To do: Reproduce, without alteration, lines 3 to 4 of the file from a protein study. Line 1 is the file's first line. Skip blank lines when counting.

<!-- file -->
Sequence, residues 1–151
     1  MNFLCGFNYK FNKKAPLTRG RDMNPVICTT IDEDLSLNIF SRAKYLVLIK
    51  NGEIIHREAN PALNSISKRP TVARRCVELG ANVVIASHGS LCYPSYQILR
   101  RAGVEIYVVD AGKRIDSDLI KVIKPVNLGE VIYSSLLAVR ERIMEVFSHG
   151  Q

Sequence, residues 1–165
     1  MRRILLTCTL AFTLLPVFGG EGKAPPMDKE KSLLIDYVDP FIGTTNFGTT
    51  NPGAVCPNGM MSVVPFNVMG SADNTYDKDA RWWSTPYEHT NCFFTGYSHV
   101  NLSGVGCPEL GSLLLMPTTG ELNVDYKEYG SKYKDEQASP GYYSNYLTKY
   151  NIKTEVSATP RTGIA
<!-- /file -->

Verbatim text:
    51  NGEIIHREAN PALNSISKRP TVARRCVELG ANVVIASHGS LCYPSYQILR
   101  RAGVEIYVVD AGKRIDSDLI KVIKPVNLGE VIYSSLLAVR ERIMEVFSHG